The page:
When Mississippi Masala hit the big screen in 1992, it was a historic moment for South Asians in the United States. Not only were we seeing ourselves on American big screen, but talented Indian actors like Roshan Seth and Sharmila Tagore were in American mainstream theaters everywhere. Newcomer Sarita Chowdhury lit up the screen and was paired romantically with none other than Denzel Washington. I remember every moment of that experience from my graduate student days in Lafayette, IN. The 30th Anniversary re-release is just as captivating, relevant and timely.
The film, scripted by Sooni Taraporewala, tells the story of a Ugandan Indian lawyer, Jai (Roshan Seth) , who is expelled from Uganda in 1972 during the Idi Amin regime. Jai sees himself as Ugandan and is indignant about the expulsion because he has fought for the rights of Ugandans in his career. When he lands in jail for a provocative interview on BBC, his friend Okello bails him out. Okello, who is called Chachu (“uncle” by Jai’s daughter Mina) tells Jai to leave because “Uganda is for Africans, Black Africans,” and that Jai does not belong there.
The family—Jai, Kinu (Sharmila Tagore), and young Mina (Saira Nair)—leave Uganda and end up in Greenwood, Mississippi, in a family-run motel. They are dependent on their extended family for housing in the motel and Mina (Sarita Chowdhury), now a beautiful 24-year old, cleans motel rooms, Kinu runs a liquor store with capital from the family, and Jai spends hours each day writing letters to the Ugandan government claiming his rights and property.
Mina literally runs into Demetrius (Denzel Washington) in a fender-bender and a romance develops. The Indian community and her parents oppose the relationship. The power of the Indian-American community in the small business world ruins Demetrius’ carpet cleaning business and the Black community rejects the relationship as well. The film, as is typical of the romantic comedy genre, moves toward a hopeful resolution for Mina and Demetrius.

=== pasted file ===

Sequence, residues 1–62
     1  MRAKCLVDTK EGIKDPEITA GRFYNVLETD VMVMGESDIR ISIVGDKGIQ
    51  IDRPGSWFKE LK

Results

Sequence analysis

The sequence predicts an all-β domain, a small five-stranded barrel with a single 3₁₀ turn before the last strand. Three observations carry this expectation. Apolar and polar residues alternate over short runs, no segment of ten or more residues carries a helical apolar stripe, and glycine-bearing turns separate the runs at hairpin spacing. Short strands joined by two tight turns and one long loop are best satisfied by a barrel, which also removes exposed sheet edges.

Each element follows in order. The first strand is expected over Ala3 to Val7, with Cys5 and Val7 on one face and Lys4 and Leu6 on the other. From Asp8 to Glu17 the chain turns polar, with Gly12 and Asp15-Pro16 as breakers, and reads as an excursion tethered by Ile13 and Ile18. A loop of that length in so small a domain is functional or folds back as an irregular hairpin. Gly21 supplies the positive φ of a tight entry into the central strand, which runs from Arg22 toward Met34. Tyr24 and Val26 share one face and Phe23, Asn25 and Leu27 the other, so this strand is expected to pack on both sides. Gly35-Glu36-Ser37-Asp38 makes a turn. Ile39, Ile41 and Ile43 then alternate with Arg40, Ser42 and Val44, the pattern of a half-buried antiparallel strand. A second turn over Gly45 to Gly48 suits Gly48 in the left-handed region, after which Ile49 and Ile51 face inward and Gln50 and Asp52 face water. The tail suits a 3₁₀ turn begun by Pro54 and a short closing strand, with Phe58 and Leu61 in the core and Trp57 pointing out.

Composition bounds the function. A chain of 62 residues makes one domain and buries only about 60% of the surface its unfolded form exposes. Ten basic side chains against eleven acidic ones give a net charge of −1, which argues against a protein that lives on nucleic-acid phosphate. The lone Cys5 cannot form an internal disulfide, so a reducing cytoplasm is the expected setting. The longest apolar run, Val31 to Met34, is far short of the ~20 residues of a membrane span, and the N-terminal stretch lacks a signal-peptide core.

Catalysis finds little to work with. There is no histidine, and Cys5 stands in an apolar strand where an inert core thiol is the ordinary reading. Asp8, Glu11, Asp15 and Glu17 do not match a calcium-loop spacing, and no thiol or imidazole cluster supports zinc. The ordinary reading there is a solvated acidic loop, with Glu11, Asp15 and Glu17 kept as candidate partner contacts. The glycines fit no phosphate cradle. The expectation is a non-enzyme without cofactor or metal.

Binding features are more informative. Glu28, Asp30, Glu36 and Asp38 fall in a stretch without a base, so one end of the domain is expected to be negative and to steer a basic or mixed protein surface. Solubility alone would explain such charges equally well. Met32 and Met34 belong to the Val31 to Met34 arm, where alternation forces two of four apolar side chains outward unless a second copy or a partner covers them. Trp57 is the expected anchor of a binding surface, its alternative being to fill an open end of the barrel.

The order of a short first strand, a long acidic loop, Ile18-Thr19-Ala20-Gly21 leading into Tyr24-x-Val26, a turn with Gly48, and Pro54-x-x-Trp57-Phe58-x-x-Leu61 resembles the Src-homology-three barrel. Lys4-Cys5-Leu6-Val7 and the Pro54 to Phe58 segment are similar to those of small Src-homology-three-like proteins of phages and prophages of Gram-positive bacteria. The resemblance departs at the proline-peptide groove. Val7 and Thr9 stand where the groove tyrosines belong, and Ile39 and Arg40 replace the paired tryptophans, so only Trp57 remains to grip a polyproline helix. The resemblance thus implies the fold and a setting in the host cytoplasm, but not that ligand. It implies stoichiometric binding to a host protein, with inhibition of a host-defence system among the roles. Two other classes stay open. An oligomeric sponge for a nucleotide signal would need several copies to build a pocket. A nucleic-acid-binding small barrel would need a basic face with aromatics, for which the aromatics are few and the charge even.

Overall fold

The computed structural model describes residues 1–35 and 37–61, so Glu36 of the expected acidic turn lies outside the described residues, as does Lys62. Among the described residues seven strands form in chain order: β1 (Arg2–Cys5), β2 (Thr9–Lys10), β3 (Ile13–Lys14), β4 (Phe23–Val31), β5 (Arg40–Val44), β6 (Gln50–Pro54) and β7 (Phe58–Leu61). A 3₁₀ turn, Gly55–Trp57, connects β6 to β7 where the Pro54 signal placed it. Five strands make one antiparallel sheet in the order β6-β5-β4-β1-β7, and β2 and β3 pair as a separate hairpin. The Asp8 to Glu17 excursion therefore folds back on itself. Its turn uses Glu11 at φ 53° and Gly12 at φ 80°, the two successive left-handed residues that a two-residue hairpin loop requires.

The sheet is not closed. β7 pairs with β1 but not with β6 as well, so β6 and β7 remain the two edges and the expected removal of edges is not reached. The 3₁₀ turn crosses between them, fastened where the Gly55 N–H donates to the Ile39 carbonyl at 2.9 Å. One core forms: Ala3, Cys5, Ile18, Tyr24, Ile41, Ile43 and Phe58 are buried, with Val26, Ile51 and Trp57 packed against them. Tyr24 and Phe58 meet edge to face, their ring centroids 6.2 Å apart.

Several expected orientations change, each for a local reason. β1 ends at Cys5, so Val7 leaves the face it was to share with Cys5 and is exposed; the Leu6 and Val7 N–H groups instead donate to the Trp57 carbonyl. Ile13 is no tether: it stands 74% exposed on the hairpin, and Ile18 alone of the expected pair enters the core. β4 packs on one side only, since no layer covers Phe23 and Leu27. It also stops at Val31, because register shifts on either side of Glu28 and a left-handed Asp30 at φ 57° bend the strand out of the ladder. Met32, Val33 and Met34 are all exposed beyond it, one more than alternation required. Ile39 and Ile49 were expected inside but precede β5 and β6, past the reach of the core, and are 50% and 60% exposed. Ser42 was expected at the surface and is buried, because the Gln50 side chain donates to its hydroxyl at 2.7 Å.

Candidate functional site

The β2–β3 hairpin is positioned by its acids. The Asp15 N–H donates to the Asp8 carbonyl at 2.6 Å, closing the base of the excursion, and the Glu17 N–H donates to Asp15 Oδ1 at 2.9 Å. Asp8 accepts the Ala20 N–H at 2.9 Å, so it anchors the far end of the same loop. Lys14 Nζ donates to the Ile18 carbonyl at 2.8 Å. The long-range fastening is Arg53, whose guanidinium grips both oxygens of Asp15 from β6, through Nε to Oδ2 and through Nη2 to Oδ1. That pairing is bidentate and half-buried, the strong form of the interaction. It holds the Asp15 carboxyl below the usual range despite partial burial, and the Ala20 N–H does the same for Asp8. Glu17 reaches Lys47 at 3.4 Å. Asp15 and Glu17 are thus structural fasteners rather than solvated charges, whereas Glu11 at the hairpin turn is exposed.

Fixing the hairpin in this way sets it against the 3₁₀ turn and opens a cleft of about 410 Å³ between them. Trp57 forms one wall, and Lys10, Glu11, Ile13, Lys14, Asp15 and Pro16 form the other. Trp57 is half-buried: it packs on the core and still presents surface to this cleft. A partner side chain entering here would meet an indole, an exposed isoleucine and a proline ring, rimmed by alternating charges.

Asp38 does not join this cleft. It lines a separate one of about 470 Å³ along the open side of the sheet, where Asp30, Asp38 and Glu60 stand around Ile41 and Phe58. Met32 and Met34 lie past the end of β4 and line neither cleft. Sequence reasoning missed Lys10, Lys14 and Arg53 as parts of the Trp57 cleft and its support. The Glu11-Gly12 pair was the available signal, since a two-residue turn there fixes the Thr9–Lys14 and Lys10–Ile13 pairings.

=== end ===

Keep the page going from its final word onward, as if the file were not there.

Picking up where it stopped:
The film’s power is in its deep exploration of the narrative of dislocation and re-settlement for South Asians expelled from Uganda. What does home mean? What does it mean to identify as Indian when your family left India generations ago to build railroads in East Africa? For Jai, Uganda will always be home and for Mina, identity is a masala or a spice mix, where disparate elements combine to make a new flavor blend.
The film resonates with us today because of its unflinching look at race relations. The narrative underscores the anti-Black sentiments prevalent in the Indian-American community and through Jai demonstrates the complexities of interpersonal relationships with Black people and its attendant blindness to class matters. The Indian community’s colorism and its connections to racism, while scripted comically through gossiping community members, are also an important critique of the community’s insularity. The film also speaks to the xenophobia and orientalism strongly present in the Black community, and the end offers hope for a transcendence of racial differences and prejudices.
Mississippi Masala’s 30th anniversary re-release is visually stunning, and the film uses music to highlight its themes of cultural blending. Even in 2022, it is powerful to have South Asian representation on screen and to see a film that promotes inter-racial relationships. In the 30 years since the original release, we have experienced so much trauma—9/11, xenophobia, police brutality against African Americans—and this film remains both politically relevant and hopeful.
The film will be screened at NW Film Forum on June 2, 4 and 6.